Rachel Bellwoar reviews the miniseries, The Luminaries…
A young man gets shot only to stand up unscathed. A young woman faints after bleeding… gold? The Luminaries is a lot more reality-based than its opening sequence suggests but if you can handle that, the rest of the series is gravy.
It’s still an unusual tactic, though. Starting off with magic, so viewers know it exists, but then backtracking, to reveal it’s not that prevalent after all. Anna Wetherell (The Knick’s Eve Hewson) might appear like Tinkerbell, but that’s genuine gold, not fairy dust, she has smeared on her fingers.
Set in New Zealand during the 1860’s, California wasn’t the only place to experience a gold rush. New Zealand had one, too, and that’s how Anna and Emery (Yesterday’s Himesh Patel) meet – on a boat headed to Dunedin, where they both have the same idea of trying to make money prospecting gold.
In putting viewers on the alert for magic, show writer, Eleanor Catton (who also wrote the book that the series is based on) gets to subvert those expectations all the time by having most of what happens in The Luminaries be completely possible. Anna and Emery may have a special bond but that’s what makes it special – the fact that it’s the only magical component in the series. It also explains why there’s isn’t more magic in The Luminaries. Anna and Emery spend most of the series apart.
That’s not by choice. After agreeing to meet for dinner, Anna and Emery disembark, never thinking that decision will have consequences, but despite their best efforts to find each other again, something (or someone) keeps getting in their way.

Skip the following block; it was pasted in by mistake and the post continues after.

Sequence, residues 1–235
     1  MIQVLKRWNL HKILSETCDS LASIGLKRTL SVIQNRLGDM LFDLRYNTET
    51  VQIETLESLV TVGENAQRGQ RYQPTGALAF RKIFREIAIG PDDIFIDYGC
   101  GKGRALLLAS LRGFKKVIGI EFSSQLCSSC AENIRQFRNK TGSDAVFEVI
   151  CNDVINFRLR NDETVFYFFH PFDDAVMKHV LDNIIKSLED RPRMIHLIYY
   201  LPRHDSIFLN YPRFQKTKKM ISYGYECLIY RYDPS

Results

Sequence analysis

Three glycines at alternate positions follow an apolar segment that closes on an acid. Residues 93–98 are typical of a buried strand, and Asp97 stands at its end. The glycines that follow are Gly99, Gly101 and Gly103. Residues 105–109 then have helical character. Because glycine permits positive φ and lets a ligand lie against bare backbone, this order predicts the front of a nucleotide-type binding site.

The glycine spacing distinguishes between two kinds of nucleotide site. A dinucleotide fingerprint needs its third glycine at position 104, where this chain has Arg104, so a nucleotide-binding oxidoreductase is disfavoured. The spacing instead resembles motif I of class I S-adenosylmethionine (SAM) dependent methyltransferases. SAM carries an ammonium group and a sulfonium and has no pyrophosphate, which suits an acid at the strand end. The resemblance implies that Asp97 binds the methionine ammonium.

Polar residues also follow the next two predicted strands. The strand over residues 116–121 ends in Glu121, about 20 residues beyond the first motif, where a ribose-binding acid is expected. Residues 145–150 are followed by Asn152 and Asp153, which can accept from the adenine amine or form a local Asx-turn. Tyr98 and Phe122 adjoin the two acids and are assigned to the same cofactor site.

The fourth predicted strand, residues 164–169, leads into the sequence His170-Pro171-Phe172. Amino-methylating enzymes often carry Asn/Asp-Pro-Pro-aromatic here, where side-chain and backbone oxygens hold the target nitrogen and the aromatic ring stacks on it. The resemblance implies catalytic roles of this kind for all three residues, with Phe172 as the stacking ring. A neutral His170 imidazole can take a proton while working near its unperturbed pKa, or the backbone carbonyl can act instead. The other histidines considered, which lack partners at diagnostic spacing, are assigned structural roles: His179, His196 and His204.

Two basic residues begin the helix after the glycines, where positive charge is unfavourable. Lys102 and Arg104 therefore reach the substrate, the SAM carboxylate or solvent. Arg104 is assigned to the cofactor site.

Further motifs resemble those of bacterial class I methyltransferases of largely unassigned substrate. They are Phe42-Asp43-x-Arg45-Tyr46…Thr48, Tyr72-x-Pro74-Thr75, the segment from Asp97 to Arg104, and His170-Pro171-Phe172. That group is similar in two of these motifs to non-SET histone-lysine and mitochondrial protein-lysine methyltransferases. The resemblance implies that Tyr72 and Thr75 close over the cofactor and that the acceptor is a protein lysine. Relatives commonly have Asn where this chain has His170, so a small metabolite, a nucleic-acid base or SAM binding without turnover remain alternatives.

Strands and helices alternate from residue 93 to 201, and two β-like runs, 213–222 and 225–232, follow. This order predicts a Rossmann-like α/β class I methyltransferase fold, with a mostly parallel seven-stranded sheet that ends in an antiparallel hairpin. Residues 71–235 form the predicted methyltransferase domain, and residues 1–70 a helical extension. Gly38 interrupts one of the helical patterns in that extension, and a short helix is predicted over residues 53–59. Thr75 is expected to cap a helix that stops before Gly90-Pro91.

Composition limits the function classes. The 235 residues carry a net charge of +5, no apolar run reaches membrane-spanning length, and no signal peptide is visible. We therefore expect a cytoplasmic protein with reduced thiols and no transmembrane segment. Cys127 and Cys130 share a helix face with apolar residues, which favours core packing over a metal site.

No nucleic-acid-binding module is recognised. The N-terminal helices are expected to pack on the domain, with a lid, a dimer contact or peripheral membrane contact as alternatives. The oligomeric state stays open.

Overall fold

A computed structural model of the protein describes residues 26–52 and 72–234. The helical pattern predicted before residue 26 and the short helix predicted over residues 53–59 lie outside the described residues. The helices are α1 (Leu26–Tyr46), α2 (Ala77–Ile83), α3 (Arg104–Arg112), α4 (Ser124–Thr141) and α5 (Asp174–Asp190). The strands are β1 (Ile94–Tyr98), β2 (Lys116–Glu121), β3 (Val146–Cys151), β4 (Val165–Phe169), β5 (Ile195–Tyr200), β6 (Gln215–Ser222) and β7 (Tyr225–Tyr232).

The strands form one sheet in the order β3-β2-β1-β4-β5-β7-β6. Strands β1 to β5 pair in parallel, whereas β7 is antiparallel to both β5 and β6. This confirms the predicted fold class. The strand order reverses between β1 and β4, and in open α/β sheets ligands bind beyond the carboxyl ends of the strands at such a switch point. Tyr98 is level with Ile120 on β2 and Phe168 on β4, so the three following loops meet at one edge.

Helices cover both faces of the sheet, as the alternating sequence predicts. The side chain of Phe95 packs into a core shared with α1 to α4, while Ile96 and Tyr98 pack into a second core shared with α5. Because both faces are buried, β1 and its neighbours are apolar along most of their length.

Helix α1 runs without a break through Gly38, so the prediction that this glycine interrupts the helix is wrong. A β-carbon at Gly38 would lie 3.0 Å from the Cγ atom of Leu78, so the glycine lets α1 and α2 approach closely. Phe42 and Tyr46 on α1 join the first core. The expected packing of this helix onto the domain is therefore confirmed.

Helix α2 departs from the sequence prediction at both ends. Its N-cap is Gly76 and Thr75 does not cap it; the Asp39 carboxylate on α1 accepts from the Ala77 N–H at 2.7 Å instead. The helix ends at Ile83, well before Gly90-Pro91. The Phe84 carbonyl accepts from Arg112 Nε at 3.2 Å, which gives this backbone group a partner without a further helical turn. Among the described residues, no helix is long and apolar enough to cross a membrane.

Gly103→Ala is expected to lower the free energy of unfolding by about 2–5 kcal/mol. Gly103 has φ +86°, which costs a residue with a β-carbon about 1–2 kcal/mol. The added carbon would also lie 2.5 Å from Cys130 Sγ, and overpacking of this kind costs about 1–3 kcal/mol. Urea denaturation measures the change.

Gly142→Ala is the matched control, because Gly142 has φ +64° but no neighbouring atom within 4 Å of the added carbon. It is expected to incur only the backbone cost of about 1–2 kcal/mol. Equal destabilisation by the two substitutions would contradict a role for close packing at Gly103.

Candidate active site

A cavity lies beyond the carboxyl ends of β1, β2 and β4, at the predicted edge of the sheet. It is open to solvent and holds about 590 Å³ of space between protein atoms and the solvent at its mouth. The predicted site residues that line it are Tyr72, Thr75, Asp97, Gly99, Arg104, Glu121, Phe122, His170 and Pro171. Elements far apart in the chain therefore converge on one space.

Anyone who’s seen Eva Green on Penny Dreadful knows she can handle her way around a seance, but in The Luminaries she also adopts a different accent to play Lydia Wells, a fortune teller who develops a fascination with Anna. A master manipulator, it’s unclear whether Green was told to do this in the script or if she came up with the idea herself, but the whole reason she and Anna meet is because she stops a boy from running off with her purse. The implication, of course, is that Lydia told the boy to steal it but, instead of giving Anna her bag back, Lydia throws it over her shoulder, so Anna has to talk to her. It’s not like Anna wouldn’t have stopped on her own, but it’s amazing how one little gesture can tell you everything you need to know about a person.
Where there is gold there’s also duplicity but, considering all the time jumps and double crosses, The Luminaries seems to add up in the end. Sure, there’s a nagging sense that a few details might not fall into place. Anna and Emery’s separation in episode five feels a bit forced, like the show needed an excuse to keep them apart at that point, but it’s still vastly entertaining and clever, and a great show for historical fiction fans who have already finished Outlander and Deadwood and need something new to watch.
The Luminaries is available now on DVD from Acorn in the UK.